4.      Now, switch over to an electric mixer equipped with a paddle attachment—not a whip attachment!  Transfer the CHOUX paste into the mixer and then begin adding the eggs—one at a time—beating well after each addition.  This takes a bit of time and should the dough become too “wet,” increase the speed to SECOND speed and beat until it’s smooth.  Note: when done properly, your CHOUX paste will look like “roux,” the flour-butter mixture used to tighten up soups and sauces that are roux-based.  Also note that the dough should still be WARM to the fingertips and somewhat “light.”

5.      Now, using a large pastry bag WITHOUT a tip, load it up with the CHOUX paste and allow it to rest a moment.  Take a couple of sheet pans and line them with either wax or parchment paper that you’ve sprayed lightly with PAM or some such other food release spray.  Now comes the hard part:

a.      Pick up your filled pastry bag with your left hand just above the opening where the tip would go and your right hand towards the top holding it tightly shut after twisting it around several times to concentrate the dough towards the bottom end held by your left hand (left-handed folks, reverse the hands).

b.      Pump out a series of four, ever-tightening concentric circles, one on-top-of-the-other, until you have approximately TEN mounds spaced about 4-5 inches apart from one another (they will expand as they bake).  The WIDTH of their bases should be NO more than 2-2.5” to give you an idea as to how big they should appear.  Don’t worry, though; they’ll triple or even quadruple in size during the baking process if you did your dough correctly.

6.      Now, place the sheet pans inside the oven on the middle oven racks (or if at home and using a smaller oven, either put both in and switch them around 1-2 times during baking or do one pan at a time) and bake for 20 minutes; then, lower the heat by FIFTY DEGREES (50°F) and crack the oven door OPEN with a rag (a width of about 3-4” is desirable) and bake a final 15-20 minutes or until the puffs are a golden-brown in color.

7.      The reason for cooking the puffs with the door open during the second part of the bake phase is to allow excess steam that’s built up in the oven to escape.  Otherwise, it would cause our very fragile puffs to fall which would be a total waste of effort.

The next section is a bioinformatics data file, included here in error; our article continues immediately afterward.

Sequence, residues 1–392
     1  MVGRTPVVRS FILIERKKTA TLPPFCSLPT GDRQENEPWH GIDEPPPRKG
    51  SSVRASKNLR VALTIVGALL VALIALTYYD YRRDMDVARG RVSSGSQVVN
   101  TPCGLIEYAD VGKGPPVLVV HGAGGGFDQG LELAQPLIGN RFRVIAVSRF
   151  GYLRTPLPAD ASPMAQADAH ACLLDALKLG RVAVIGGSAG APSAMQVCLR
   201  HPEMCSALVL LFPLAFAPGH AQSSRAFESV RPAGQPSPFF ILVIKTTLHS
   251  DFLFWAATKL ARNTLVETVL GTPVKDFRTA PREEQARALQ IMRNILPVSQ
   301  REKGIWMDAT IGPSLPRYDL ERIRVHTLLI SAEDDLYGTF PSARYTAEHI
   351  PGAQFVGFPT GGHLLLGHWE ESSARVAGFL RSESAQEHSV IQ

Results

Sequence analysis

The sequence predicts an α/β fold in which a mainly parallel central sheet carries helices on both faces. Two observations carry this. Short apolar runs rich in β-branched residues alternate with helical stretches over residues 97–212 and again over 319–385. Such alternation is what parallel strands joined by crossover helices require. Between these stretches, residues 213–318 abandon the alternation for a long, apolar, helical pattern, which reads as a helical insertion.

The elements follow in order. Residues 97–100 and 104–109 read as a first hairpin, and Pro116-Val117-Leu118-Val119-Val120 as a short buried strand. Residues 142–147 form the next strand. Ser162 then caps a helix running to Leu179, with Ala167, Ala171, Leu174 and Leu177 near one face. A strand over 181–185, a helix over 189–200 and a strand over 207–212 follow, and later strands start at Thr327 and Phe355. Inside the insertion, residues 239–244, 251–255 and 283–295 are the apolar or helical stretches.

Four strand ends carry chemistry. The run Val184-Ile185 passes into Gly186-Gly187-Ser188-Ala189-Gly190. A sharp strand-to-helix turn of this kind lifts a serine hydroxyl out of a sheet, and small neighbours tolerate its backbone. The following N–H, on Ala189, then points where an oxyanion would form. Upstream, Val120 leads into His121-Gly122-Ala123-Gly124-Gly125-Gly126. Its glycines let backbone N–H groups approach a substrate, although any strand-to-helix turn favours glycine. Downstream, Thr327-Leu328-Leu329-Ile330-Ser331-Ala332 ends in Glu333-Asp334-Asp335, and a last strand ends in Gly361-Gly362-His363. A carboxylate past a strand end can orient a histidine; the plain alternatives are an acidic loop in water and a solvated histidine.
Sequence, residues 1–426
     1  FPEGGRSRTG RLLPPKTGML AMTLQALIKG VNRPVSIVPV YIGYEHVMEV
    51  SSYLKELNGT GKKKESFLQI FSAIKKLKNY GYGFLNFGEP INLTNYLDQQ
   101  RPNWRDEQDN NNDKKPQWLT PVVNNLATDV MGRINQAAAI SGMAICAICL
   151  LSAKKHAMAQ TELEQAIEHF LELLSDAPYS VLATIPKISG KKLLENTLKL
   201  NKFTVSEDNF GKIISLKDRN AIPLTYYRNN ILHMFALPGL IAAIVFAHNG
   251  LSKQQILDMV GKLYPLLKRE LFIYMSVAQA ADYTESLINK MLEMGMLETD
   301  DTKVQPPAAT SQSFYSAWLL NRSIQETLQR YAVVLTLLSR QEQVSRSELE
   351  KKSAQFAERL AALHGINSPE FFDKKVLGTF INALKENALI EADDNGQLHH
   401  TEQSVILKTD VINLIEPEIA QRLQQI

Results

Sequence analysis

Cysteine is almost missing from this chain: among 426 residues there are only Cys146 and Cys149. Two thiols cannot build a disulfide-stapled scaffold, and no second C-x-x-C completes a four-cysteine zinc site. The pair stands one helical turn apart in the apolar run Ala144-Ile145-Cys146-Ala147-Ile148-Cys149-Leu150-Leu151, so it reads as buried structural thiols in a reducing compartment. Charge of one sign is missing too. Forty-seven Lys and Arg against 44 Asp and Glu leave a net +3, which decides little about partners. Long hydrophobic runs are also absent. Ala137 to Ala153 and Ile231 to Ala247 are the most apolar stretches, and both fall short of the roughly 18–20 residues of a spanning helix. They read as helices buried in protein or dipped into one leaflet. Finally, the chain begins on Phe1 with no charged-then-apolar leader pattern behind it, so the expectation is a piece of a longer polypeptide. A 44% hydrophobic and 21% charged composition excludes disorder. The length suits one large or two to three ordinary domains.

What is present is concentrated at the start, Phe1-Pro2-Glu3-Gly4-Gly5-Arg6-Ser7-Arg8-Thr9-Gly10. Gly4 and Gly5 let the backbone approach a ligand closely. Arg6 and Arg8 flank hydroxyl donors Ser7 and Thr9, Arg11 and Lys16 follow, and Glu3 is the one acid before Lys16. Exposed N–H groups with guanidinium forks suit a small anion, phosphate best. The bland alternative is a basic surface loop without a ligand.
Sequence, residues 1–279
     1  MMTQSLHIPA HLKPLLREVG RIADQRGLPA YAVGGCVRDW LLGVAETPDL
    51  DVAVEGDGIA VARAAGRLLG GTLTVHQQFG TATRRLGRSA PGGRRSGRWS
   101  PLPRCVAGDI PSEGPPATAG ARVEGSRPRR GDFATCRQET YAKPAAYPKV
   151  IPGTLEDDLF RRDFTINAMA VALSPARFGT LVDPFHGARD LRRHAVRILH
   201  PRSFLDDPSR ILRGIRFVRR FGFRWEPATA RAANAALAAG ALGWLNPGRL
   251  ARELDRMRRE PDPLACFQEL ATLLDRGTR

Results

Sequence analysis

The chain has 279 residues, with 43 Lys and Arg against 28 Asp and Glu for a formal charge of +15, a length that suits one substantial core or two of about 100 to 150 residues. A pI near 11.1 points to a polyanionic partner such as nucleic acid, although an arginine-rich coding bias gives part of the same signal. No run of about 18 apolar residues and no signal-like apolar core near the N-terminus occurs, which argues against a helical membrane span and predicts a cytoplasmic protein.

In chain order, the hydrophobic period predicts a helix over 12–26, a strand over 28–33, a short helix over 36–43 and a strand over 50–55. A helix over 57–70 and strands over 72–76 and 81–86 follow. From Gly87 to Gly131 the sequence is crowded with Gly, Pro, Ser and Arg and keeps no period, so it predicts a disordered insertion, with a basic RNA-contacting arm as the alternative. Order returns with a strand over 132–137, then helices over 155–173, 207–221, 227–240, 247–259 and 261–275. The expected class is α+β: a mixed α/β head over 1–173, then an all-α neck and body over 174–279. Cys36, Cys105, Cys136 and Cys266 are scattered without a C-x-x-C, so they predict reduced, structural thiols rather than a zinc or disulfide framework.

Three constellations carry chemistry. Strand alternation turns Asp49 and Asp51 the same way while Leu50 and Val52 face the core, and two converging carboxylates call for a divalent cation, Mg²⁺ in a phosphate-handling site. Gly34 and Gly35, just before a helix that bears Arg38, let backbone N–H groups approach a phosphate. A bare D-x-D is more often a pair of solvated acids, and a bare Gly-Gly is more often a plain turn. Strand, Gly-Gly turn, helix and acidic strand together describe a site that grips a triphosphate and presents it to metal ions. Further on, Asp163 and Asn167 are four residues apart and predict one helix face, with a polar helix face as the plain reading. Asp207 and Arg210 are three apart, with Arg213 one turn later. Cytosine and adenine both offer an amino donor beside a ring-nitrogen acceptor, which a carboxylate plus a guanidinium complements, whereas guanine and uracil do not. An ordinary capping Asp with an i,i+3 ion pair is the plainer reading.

8.      When the puffs are a golden-brown as aforementioned and there AREN’T many WHITE lines crisscrossing them, remove the shells from the oven to cool and do so on a wire rack for at least 45 minutes; then, they’ll be ready to fill.

9.      While we’re waiting to fill the puffs, let’s get our fillings ready.  Now, you can either make the vanilla cornstarch pudding recipe OR you can use a couple of boxes of Jell-O brand instant vanilla pudding mix.  Have this ready in the fridge.  You can also make the cherry pie filling and have that in the refrigerator OR buy a couple of cans of cherry pie filling at your local grocery store. Finally, whip the whipped cream according to the recipe and have ready.

10.  When the puffs have cooled, this also means that they’re strong enough to stand on their own without collapsing which is what would happen if you tried working with them HOT.  Slice each one’s top off, about ONE-QUARTER of the way DOWN from the crown and set aside. Dig out the intricate egg-based webbing on the inside and either discard it or eat it; I find the latter to be very enjoyable.

11.  Fill each puff halfway full of vanilla cornstarch pudding and then spoon some of the cherry pie filling atop it.  Finally, using the freshly whipped heavy cream in a large pastry bag equipped with a large star tip, pipe a circular mound of cream atop each to the tune of about two inches ABOVE each one.  Place the tops back on them at a slant and then dust them all with powdered sugar after drizzling a little bit of chocolate syrup over them. Place them on doily-lined serving plates and attach a sprig of fresh mint to each one and them take them out to the guests and enjoy!

12.  Note: you can make the entire cream puffs ahead of time but don’t hold in your refrigerator for longer than 2-3 hours at most as these things are fragile.  Be sure to cover them with plastic wrap to (1) keep out the odors of the refrigerator and (2) keep out excess humidity which is a bane to all cream puffs and éclairs.

This is a time-honored formula that I am sure you will all enjoy. I’ve made them for 30 years using this recipe and have hardly ever had a problem.  The only time I have is when I’ve tried to rush them and then that always seems to invite mistakes.  These things take time so take YOUR time and do it right. There’s nothing worse than a wasted effort in time, money, and frustration.

Here’s the Vanilla Pudding mixture should you choose to make it:

VANILLA CORNSTARCH PUDDING

Yield:  about 4 cups / Mis-en-place: about 30 minutes:


Qty.
Measure
Item
Other
3
Cups
Whole milk

.25
Cup
Cornstarch

.25
Teaspoon
Table salt

.75
Cup
Granulated sugar

1
Each
Large AAA egg, beaten and strained 

.5
Teaspoon
Vanilla extract




Method:

1.      Mis-en-place: have everything ready with which to work! Place the milk atop a double-boiler over simmering hot water—scald it. Double-sift the cornstarch, salt, and sugar together and then combine with the beaten, strained egg.